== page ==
Greens, Debt activists urge solons to push for cancellation of defunct incinerator loan from AustriaMANILA, Philippines
03 February 2009
Debt & Public Finance
--A string quartet today serenaded the members of the House of Representatives, calling on solons to sign a Parliamentarians’ Petition urging the Austrian government to cancel the P503-million loan used to fund for the defunct Austrian Medical Waste Incinerator Project.
Playing Mozart music and wearing hazmat suits and gas masks, the group actively solicited the signatures of the legislators in its effort to continue the signature drive it started last year.
The group also called on Congress to do concrete actions on the said loan agreement, such as the launching of a Congressional audit and investigation on the loan project, saying that the debt list should be “detoxified."
The Stop Toxic Debt!, a campaign group composed of the Ecowaste Coalition, Freedom from Debt Coalition (FDC), Global Alliance for Incinerator Alternatives(GAIA), Greenpeace-Southeast Asia, and Health Care Without Harm (HCWH), said that the government is shelling out an average of $2 million a year to pay for the said Austrian loan.
“It is not enough for our solons to merely make political statements to refuse payment for the Austrian Waste Incinerators, more importantly, they should put their money where their mouths are by calling the Austrian government to cancel the debt themselves,” Ecowaste Coalition Chairperson Manny Calonzo said.
The groups launched a signature drive last year urging legislators to sign the Parliamentarians' Petition which is scheduled to be delivered by a contingent of Filipino campaigners and Legislators to the government of Austria this April 2009.
Calonzo said the choice of Mozart’s music for their string-quartet/ creative action is significant as the musical genius was an Austrian national who was said to have died impoverished and debt-ridden. He added that unless the Austrian incinerator debt is cancelled, it would surely contribute in the further impoverishment and debt burden of the Filipino people.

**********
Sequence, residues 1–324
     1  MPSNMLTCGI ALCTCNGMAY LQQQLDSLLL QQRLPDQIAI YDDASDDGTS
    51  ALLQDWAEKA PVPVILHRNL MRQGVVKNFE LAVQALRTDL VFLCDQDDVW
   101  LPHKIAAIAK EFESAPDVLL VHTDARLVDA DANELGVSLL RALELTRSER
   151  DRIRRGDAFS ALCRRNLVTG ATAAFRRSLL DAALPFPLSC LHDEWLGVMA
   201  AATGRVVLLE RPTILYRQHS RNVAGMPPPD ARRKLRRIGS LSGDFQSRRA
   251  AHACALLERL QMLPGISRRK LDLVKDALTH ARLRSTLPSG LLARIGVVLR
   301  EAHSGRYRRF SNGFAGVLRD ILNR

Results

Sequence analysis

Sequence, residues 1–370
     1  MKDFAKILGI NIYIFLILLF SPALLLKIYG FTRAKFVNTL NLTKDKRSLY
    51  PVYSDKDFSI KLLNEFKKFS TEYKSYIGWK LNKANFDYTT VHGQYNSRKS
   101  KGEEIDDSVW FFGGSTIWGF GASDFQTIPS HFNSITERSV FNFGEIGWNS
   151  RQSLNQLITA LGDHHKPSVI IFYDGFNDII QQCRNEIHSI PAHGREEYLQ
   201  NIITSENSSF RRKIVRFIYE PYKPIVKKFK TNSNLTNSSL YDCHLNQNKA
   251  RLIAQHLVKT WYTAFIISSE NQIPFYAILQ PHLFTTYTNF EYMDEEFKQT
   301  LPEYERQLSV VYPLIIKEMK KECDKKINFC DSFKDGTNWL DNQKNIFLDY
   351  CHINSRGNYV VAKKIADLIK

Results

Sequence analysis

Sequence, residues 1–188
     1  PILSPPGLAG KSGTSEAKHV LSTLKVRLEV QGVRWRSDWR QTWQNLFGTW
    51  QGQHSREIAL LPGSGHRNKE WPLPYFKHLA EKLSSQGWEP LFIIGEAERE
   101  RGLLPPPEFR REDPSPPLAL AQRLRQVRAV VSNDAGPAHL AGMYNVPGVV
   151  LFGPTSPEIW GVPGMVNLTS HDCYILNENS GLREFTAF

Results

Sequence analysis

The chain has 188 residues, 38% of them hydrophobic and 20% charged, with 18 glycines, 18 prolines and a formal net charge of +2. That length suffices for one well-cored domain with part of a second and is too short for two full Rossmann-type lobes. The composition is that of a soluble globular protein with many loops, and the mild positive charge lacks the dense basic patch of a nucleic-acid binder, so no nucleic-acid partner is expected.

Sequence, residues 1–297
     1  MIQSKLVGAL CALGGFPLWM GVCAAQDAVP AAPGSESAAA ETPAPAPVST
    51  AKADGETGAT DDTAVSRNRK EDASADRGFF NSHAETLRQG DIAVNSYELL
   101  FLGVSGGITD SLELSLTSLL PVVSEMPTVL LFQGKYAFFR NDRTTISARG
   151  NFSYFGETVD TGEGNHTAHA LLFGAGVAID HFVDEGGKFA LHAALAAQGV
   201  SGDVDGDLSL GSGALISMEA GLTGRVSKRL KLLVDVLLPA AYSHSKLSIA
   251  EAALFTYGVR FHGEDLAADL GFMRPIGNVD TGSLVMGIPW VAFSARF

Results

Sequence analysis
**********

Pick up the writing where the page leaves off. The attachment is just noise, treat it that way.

Meanwhile, Health Care Without Harm (HCWH) Spokesperson Mercy Ferrer said that the fund channelled for the debt service funds is better spent for procuring “environmentally-safe medical waste disposal facilities.”
“We should compel governments to take action to end illegitimate debts, especially those which harm the environment and people’s health while eating up our resources supposedly for environmental protection and healthcare,” Ferrer said.Housekeeping
The group recalled that the 14th Congress, in a special provision, refused allocation for interest payments of the incinerators in the 2008 budget and of other debts challenged as “fraudulent, wasteful, and/or useless”.
The Stop Toxic Debt! Campaign is said to be instrumental in the suspension of interest and principal payments of the said Austrian loan in the 2008 budget. However, the President eventually vetoed the said provision, citing the need to protect the country’s credit rating.
For the 2009 budget, the 14th Congress again slashed P50 billion from interest payments proposed by the Department of Budget and Management. Committee on Appropriations Vice Chair Rep. Edcel Lagman, in his sponsorship speech, called on the lower house to suspend not just the interest payments, but also the principal amortization for the said loan.
“As the World Bank begins to uncover irregularities in its loan projects, we have here an illegitimate Austrian loan project sitting on the laps of the government for more than a decade, but without concrete action,” FDC Secretary General Milo Tanchuling said.
“Clearly, in a time of a world economic crisis and financial turndown, Congress must avoid unnecessary expenditures by conducting good housekeeping and getting rid of illegitimate debts in their lists of expenses,” Tanchuling said.-30-